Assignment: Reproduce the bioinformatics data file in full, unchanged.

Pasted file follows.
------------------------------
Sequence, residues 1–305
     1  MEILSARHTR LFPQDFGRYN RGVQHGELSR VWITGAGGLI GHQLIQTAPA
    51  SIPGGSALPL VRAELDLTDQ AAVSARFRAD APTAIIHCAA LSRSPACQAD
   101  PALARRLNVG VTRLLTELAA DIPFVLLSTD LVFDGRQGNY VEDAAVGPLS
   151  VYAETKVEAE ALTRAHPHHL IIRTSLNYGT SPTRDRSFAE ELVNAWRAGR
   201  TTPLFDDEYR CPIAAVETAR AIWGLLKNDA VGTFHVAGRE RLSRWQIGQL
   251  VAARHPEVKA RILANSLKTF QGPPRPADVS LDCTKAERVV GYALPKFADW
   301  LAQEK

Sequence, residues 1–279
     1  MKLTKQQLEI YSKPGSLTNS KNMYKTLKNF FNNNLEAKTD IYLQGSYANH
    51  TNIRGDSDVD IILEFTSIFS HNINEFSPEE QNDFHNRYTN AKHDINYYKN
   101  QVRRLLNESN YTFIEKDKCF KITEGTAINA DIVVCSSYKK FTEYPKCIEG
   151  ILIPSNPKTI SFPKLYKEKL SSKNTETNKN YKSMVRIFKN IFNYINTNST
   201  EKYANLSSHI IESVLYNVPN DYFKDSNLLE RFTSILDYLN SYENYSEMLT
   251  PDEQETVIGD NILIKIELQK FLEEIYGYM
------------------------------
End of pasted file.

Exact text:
Sequence, residues 1–305
     1  MEILSARHTR LFPQDFGRYN RGVQHGELSR VWITGAGGLI GHQLIQTAPA
    51  SIPGGSALPL VRAELDLTDQ AAVSARFRAD APTAIIHCAA LSRSPACQAD
   101  PALARRLNVG VTRLLTELAA DIPFVLLSTD LVFDGRQGNY VEDAAVGPLS
   151  VYAETKVEAE ALTRAHPHHL IIRTSLNYGT SPTRDRSFAE ELVNAWRAGR
   201  TTPLFDDEYR CPIAAVETAR AIWGLLKNDA VGTFHVAGRE RLSRWQIGQL
   251  VAARHPEVKA RILANSLKTF QGPPRPADVS LDCTKAERVV GYALPKFADW
   301  LAQEK

Sequence, residues 1–279
     1  MKLTKQQLEI YSKPGSLTNS KNMYKTLKNF FNNNLEAKTD IYLQGSYANH
    51  TNIRGDSDVD IILEFTSIFS HNINEFSPEE QNDFHNRYTN AKHDINYYKN
   101  QVRRLLNESN YTFIEKDKCF KITEGTAINA DIVVCSSYKK FTEYPKCIEG
   151  ILIPSNPKTI SFPKLYKEKL SSKNTETNKN YKSMVRIFKN IFNYINTNST
   201  EKYANLSSHI IESVLYNVPN DYFKDSNLLE RFTSILDYLN SYENYSEMLT
   251  PDEQETVIGD NILIKIELQK FLEEIYGYM